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Roberts, John Lord
Age: 44, credited to Chelsea, VT
Unit(s): 4th VT INF
Service: comn Chaplain, 4th VT INF, 9/25/62 (9/25/62), resgd 5/9/63, comn again 7/3/63, m/o 7/13/65; Methodist-Episcopal
See Legend for expansion of abbreviationsVITALS
Birth: 03/18/1818, Strafford, VT
Burial: Glenwood Cemetery, Washington, DC
Marker/Plot: Not recorded
Findagrave Memorial #: 189484818
Alias?: None noted
Pension?: Yes, 10/24/1870; widow Annie H., 8/11/1873
Portrait?: Gibson Collection
College?: Not Found
Veterans Home?: Not Found
(If there are state digraphs above, this soldier spent some time in a state or national soldiers' home in that state after the war)
Remarks: See biography below.
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Glenwood Cemetery, Washington, DC
Check the cemetery for location/directions and other veterans who may be buried there.
John L. Roberts
THE CALEDONIAN: JUNE 17, 1864
FROM THE FOURTH REGIMENT
LETTER FROM CHAPLAIN ROBERTS
CAMP NEAR GAINS HILL, VA. JUNE 5, 1864
TO THE EDITOR OF THE CALEDONIAN:
We are now in front of the enemy's strong works, some eight or ten miles from Richmond, and propose to maintain our position until a favorable chance is presented to flank, and over-power the enemy.
The fight commenced here June 1st. Several charges have been made on both sides, but each army occupy, as nearly as I can judge, the position first chosen. And our losses although not heavy, are perhaps nearly equal.
Sharpshooting is now the order of the day, and we are having men brought in every hour.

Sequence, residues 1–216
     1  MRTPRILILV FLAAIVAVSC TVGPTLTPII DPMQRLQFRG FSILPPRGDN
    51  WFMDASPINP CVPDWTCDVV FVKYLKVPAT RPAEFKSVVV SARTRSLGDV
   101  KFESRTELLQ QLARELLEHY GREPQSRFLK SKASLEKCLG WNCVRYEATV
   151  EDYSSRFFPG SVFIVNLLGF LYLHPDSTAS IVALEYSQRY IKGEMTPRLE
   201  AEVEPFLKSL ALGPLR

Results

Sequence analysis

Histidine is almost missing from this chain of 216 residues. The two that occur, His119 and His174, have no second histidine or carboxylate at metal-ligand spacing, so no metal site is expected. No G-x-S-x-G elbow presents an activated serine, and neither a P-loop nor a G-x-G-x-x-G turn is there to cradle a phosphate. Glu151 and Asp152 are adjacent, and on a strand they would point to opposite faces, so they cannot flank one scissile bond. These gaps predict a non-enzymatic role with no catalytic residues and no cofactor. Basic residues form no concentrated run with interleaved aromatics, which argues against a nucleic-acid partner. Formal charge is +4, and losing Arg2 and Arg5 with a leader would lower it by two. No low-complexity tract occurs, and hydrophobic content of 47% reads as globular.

J.A. Woodbury, Co. I, 4th Vt., from Irasburg, has just been brought in wounded through the sholder. I think he cannot live, as the ball has lodged in his body. The 3d, 6th, and 4th Regts have suffered most here.
I left Fredericksburg one week ago Friday last; the scene there witnessed was appalling, but our heroic men suffered uncomplainingly. We were happy to find on the ground at an early date, Gov. Smith, Hons.Portus Baxter, and Woodbridge, together with several citizens, and surgeons from Vermont, whose service was invaluable to the poor suffering soldiers.
I should do injustice not to speak of Mr. Baxter, who remained with us longer, than his comrades; he not only comforted the poor, wounded, suffering soldiers by kind words, but raised their sinking heads and administered the cup of " cold water", which, in the eyey of the Saviour is the smallest act of kindness that can be rendered to a fellow sufferer, yet not to small to meet the approval of the Master; but he assisted to conveying to Washington helpless ones, and rendered great service in procuring transportation for baggage, when none of us could, and when leaving, exhausted with labors and from broken sleep, he left, with the writer, a sum to be distributed, at his discretion for the suffering sons of the Green Mountain State. May God bless him for his self-sacrifiing deeds, and pay him a hundred fold.
Among the citizen surgeons who were present, we learned the names of Drs. Newell and and Browne of St. Johnsbury. Dr. Newell exhibited a fathers care over suffering ones, and his good deeds will long be remembered. Dr. Browne performed skillfully some surgical operations, besides making his ward of fifty or more what is was not when he entered, clean and commodious.
Other excellent men were there from Vermont; but I am writing under fire, without rest for my arm or paper, and must close.
Chaplain 4th Regt., Vt. Vols.
Courtesy of Deanna French.